Linus Torvalds, the inventor of the Linux kernel, has an absolute disdain for mobile phones. All of the ones he has purchased in the past, the man writes on his personal blog, ended up being “mostly used for playing Galaga and Solitaire on long flights” even though they were naturally all phones run on open source operating systems.
Torvalds has owned a number of phones before, including Google’s G1 device and ‘one of the early China-only Motorola Linux phones’, but it took for Google to add multi-touch capabilities to the Nexus One before he finally broke down and bought one from the company’s web store.
And he’s loving it:
But I have to admit, the Nexus One is a winner. I wasn’t enthusiastic about buying a phone on the internet sight unseen, but the day it was reported that it finally had the pinch-to-zoom thing enabled, I decided to take the plunge. I’ve wanted to have a GPS unit for my car anyway, and I thought that google navigation might finally make a phone useful.
And it does. What a difference! I no longer feel like I’m dragging a phone with me “just in case” I would need to get in touch with somebody – now I’m having a useful (and admittedly pretty good-looking) gadget instead. The fact that you can use it as a phone too is kind of secondary.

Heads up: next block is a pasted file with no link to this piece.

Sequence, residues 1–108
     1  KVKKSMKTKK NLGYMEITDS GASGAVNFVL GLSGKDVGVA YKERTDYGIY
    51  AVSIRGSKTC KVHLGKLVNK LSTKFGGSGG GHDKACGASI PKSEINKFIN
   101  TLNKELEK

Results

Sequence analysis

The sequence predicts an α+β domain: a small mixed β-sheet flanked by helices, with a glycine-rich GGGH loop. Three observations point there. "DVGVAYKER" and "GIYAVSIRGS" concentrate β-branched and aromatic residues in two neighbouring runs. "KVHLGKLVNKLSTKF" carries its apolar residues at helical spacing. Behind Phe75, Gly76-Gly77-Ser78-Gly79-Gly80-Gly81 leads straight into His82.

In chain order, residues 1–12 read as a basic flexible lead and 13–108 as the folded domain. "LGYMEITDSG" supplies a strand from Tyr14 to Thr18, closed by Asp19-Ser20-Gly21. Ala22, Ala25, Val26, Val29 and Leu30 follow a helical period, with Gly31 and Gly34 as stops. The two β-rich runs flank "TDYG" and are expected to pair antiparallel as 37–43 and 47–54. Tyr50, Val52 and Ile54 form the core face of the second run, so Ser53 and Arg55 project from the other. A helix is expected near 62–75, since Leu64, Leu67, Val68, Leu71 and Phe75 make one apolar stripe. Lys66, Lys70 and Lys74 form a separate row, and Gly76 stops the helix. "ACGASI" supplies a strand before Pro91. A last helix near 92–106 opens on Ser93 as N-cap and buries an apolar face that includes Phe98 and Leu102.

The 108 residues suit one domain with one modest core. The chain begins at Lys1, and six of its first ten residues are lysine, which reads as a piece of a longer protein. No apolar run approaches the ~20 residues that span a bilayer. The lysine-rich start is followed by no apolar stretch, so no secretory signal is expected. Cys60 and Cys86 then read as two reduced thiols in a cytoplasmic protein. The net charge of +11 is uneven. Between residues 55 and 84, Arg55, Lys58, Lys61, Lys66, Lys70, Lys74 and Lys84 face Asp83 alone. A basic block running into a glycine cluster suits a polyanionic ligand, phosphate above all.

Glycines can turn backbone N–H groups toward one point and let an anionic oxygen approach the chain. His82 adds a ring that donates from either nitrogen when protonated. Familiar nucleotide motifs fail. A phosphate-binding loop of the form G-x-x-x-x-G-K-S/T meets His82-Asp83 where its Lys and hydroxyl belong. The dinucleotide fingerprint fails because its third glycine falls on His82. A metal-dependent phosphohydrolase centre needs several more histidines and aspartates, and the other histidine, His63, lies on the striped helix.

While Google hasn’t disclosed how many phones it’s sold so far, the company is believed to have sold closer to 100,000 than 1 million devices. But at least one of them made one of the most famous software engineers in the world one happy camper.
The Nexus One is the Google Phone launched on January 5th, 2010. The phone is sold at google.com/phone and it will be soon available at T-Mobile. The phone runs Android software on a Qualcomm 1 GHz Snapdragon chip, has a super high-resolution OLED touchscreen, is thinner than the iPhone, has no keyboard, and two mics. The mic on the back of the phone helps eliminate background noise, and it also has a â€œweirdlyâ€ large camera for a phone. And if...